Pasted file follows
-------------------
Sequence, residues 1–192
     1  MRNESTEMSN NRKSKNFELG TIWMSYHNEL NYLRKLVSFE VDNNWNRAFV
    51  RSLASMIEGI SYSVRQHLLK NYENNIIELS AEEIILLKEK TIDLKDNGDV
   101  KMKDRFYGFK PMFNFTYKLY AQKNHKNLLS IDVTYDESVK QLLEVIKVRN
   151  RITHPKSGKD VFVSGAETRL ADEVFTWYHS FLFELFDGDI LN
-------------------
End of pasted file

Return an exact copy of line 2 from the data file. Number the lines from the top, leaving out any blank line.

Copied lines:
     1  MRNESTEMSN NRKSKNFELG TIWMSYHNEL NYLRKLVSFE VDNNWNRAFV